-Chapter XI. A Few Hints On Landscape Gardening
NOVEMBER is, above all others, the tree-planting month over the wide Union. *  Accordingly, every one who has a rood of land looks about him at this season to see what can be done to improve and embel...
-Chapter XII. Hints To Rural Improvers
ONE of the most striking proofs of the progress of refinement in the United States is the rapid increase of taste for ornamental gardening and rural embellishment in all the older portions of the nort...
-Hints To Rural Improvers. Part 2
We should say that two grand errors are the fertile causes of all the failures in the rural improvements of the United States at the present moment. The first error lies in supposing that good taste ...
-Hints To Rural Improvers. Part 3
For landscape gardening, on a large scale, and in its best sense, there are no places in America which compare with those on the east bank of the Hudson, between Hyde Park and the town of Hudson. The ...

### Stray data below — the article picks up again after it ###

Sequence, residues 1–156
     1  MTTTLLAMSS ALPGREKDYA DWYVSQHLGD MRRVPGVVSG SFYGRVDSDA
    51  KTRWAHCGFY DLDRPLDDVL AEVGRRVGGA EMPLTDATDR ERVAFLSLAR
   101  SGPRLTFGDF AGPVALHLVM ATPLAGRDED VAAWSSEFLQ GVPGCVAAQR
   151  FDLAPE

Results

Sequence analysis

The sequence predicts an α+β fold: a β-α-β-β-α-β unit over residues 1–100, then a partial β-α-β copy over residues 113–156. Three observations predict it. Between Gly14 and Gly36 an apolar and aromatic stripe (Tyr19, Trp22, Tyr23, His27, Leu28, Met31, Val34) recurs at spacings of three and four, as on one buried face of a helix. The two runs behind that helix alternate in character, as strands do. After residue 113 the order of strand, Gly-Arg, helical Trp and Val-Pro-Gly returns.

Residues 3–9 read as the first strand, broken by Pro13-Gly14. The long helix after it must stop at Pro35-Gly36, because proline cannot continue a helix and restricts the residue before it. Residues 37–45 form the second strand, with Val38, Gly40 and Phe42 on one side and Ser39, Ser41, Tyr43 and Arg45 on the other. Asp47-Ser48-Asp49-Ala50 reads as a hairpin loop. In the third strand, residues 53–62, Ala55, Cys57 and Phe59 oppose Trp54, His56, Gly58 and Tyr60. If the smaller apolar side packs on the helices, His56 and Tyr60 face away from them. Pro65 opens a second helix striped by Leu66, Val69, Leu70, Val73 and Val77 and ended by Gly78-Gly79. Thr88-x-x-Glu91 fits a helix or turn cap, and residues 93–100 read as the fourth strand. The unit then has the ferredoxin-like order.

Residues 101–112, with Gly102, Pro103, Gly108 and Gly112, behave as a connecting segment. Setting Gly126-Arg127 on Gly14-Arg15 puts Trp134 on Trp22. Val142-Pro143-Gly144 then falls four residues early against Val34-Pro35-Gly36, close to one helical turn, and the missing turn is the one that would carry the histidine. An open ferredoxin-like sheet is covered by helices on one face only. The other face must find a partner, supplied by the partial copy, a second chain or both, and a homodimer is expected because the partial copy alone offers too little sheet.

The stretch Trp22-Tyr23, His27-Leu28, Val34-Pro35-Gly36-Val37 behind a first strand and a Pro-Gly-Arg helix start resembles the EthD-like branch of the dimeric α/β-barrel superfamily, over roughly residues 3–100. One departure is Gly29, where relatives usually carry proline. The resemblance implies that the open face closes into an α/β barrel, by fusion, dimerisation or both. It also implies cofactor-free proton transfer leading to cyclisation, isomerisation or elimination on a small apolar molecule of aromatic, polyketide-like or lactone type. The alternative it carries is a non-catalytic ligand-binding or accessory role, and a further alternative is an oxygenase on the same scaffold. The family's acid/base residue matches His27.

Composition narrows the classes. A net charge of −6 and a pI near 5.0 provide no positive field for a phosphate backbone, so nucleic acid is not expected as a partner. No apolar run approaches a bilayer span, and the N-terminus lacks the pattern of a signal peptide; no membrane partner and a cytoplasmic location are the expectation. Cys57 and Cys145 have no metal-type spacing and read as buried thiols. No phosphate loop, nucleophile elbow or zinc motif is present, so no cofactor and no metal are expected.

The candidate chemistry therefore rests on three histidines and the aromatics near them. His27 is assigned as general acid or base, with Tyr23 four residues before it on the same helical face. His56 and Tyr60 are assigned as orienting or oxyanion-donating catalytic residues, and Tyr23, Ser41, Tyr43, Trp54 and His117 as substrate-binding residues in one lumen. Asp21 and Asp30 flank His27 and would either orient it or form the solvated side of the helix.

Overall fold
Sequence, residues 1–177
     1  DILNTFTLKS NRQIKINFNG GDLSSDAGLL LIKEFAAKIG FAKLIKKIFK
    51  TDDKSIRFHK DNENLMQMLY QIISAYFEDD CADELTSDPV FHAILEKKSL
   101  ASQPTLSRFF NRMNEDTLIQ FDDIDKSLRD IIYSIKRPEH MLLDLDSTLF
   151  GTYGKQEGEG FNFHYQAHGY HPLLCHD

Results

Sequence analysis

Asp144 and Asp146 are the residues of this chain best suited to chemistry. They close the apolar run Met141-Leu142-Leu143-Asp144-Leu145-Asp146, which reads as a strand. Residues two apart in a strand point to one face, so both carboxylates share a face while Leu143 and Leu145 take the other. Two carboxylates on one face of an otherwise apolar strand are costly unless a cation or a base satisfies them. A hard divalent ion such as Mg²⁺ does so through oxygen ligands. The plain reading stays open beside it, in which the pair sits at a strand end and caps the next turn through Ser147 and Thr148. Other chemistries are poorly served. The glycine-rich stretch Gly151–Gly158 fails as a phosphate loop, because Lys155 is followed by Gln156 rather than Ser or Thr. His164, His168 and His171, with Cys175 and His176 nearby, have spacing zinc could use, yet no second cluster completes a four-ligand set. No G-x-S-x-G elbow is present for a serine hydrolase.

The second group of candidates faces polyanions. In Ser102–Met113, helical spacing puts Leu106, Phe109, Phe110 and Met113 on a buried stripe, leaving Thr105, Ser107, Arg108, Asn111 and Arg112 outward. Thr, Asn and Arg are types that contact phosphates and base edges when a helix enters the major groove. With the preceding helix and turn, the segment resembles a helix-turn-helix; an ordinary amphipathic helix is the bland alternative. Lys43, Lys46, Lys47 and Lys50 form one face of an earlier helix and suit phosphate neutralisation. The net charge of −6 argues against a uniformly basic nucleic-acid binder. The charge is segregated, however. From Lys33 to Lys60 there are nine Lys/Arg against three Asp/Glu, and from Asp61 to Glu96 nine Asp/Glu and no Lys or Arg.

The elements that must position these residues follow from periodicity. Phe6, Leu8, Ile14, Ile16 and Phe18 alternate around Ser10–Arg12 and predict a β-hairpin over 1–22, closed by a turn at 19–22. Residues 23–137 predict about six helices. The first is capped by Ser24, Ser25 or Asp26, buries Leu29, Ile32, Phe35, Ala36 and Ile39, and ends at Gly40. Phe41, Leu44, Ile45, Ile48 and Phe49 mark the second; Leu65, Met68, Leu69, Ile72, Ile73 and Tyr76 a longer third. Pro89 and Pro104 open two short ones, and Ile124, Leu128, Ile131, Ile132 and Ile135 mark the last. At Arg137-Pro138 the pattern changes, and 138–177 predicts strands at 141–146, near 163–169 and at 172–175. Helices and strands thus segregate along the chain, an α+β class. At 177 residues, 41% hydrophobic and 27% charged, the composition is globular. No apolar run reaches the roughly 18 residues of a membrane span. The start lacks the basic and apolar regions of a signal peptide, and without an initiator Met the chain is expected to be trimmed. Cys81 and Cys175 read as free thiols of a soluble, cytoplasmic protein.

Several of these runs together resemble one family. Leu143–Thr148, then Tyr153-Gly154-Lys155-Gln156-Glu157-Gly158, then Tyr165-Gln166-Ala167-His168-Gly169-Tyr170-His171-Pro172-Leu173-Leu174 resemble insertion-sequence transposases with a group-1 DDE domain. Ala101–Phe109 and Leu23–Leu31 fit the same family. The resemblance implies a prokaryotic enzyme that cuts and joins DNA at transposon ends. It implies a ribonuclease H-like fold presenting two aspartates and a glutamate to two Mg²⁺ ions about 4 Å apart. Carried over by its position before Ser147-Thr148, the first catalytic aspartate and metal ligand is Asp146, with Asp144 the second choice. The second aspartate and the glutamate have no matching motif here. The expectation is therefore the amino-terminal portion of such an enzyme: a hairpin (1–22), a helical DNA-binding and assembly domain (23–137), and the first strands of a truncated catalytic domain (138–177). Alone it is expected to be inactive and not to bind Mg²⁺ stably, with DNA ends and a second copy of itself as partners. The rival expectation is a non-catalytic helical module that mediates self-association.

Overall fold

-Chapter XIII. On The Mistakes Of Citizens In Country Life
No one loves the country more sincerely or welcomes new devotees to the worship of its pure altars more warmly than ourselves. To those who bring here hearts capable of understanding the lessons of tr...
-On The Mistakes Of Citizens In Country Life. Part 2
The third class of the disappointed, consists of those who are astonished at the cost of life in the country. They left town not only for the healthful breezes of the hilltops, but also to make a smal...
-On The Mistakes Of Citizens In Country Life. Part 3
Nothing can be more unsatisfactory than either of these positions. If he is seduced into expenditures en grand seigneur to keep up the style in which the mansion or villa has been erected, he finds th...